All of us, at some point, have had our share of sleepless nights. Stress is one of the core reasons for a poor quality sleep. Worrying about the final exams, a project deadline at work, or even issues with a partner are examples of how stress builds in our daily lives. Anxiety, medical conditions like chronic pain, certain medications, and irregular sleep habits all cause stress that leads to sleeplessness. Over time, these factors lead to a condition called insomnia.
What Is Insomnia?
Insomnia is a state of chronic sleeplessness where people find it difficult to fall asleep or stay asleep. When certain situations, like a bad day at work or an argument with your best friend, cause stress, you lose sleep for a day or two. This is acute insomnia and usually resolve without treatment.
When you have disrupted sleep that occurs at least three nights per week and lasts at least three months, then it could be a sign of chronic insomnia. This chronic condition has negative effects on health like fatigue, hormonal imbalance, reduced productivity, and irritable moods. The stress that an individual experiences in this type of insomnia is more severe and may require some form of treatment to get back to normal sleeping patterns.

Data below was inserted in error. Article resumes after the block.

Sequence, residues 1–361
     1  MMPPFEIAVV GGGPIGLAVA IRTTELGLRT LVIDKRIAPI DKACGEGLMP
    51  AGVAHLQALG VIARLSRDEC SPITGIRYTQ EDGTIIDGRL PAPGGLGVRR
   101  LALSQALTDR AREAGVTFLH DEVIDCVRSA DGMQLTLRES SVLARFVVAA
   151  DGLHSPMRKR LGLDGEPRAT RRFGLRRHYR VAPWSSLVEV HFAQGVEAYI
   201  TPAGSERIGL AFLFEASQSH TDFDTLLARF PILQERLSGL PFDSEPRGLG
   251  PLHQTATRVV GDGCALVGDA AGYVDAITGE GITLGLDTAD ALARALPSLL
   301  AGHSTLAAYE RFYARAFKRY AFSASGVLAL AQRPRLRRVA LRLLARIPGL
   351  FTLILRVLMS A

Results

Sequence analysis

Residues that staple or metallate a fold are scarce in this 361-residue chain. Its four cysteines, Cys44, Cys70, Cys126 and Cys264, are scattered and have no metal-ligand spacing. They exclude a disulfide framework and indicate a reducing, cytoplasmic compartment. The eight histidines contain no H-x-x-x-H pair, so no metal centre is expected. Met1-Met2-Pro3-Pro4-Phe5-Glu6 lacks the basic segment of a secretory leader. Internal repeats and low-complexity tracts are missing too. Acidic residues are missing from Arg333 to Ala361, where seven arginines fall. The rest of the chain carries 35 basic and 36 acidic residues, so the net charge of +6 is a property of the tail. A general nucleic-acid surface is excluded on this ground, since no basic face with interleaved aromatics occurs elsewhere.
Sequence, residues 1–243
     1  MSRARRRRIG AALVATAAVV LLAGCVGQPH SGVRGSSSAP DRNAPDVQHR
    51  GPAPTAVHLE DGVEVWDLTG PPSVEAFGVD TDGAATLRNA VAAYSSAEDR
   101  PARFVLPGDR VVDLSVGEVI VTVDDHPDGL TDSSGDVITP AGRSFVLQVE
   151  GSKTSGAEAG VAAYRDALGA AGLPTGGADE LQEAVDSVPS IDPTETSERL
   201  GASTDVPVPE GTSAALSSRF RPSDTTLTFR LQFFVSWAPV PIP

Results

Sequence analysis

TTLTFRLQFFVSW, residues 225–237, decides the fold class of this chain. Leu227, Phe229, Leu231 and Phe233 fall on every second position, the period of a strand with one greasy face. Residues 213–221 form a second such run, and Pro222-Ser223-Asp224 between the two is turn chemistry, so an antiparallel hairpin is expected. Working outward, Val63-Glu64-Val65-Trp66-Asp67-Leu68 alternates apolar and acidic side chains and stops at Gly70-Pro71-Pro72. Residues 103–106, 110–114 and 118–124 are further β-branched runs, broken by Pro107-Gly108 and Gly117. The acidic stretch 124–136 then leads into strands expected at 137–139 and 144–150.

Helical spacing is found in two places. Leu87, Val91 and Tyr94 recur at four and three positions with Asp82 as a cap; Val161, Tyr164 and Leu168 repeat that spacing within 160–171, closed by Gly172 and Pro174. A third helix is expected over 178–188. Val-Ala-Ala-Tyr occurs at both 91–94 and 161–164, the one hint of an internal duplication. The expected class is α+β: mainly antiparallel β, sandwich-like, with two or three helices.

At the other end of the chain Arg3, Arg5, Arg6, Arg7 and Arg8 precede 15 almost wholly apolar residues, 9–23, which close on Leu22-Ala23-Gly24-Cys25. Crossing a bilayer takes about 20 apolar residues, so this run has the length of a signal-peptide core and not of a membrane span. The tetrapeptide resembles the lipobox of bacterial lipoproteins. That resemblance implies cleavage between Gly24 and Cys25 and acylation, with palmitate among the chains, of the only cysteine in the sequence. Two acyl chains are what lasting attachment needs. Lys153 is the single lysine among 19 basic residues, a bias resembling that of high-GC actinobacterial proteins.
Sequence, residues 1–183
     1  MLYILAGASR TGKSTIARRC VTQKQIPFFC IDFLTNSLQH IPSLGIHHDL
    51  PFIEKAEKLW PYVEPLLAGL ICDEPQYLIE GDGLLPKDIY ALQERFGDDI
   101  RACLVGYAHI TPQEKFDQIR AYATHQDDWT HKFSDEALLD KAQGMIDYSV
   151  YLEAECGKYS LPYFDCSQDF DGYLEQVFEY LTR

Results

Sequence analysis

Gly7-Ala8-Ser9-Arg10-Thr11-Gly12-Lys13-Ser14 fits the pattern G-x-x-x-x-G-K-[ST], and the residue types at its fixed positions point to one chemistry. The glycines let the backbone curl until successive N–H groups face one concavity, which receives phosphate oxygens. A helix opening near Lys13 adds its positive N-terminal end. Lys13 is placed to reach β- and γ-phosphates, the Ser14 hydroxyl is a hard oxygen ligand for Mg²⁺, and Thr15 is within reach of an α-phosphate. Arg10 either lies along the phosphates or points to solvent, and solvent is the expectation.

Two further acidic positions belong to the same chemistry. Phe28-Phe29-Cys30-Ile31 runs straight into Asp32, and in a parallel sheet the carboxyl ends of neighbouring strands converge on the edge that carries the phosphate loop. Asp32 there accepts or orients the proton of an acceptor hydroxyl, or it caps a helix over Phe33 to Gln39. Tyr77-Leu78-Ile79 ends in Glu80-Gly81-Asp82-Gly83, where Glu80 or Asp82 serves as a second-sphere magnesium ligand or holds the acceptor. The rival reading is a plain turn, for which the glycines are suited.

However, recent studies have reported that simply “worrying” about sleeplessness can do as much harm as insomnia. Let’s look into this in detail.
Insomnia Identity: A Recent Finding About Insomnia